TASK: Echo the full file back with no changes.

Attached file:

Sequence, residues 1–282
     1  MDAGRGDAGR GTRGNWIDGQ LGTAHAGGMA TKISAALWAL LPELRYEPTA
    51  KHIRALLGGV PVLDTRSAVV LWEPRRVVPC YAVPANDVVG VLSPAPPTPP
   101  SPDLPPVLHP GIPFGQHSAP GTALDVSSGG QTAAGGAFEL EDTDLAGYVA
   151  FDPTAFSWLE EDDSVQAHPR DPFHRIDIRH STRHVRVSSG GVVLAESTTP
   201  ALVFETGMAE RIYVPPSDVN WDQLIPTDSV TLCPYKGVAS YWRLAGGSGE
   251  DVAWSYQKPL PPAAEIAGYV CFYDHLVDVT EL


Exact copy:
Sequence, residues 1–282
     1  MDAGRGDAGR GTRGNWIDGQ LGTAHAGGMA TKISAALWAL LPELRYEPTA
    51  KHIRALLGGV PVLDTRSAVV LWEPRRVVPC YAVPANDVVG VLSPAPPTPP
   101  SPDLPPVLHP GIPFGQHSAP GTALDVSSGG QTAAGGAFEL EDTDLAGYVA
   151  FDPTAFSWLE EDDSVQAHPR DPFHRIDIRH STRHVRVSSG GVVLAESTTP
   201  ALVFETGMAE RIYVPPSDVN WDQLIPTDSV TLCPYKGVAS YWRLAGGSGE
   251  DVAWSYQKPL PPAAEIAGYV CFYDHLVDVT EL